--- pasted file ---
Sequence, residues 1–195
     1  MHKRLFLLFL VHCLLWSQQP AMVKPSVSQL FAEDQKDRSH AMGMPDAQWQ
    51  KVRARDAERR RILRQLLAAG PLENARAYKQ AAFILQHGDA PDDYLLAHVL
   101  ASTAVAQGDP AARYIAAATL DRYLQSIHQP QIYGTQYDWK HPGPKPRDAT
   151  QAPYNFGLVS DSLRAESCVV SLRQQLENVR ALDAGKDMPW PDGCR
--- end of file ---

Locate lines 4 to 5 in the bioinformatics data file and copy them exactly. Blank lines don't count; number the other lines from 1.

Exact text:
   101  ASTAVAQGDP AARYIAAATL DRYLQSIHQP QIYGTQYDWK HPGPKPRDAT
   151  QAPYNFGLVS DSLRAESCVV SLRQQLENVR ALDAGKDMPW PDGCR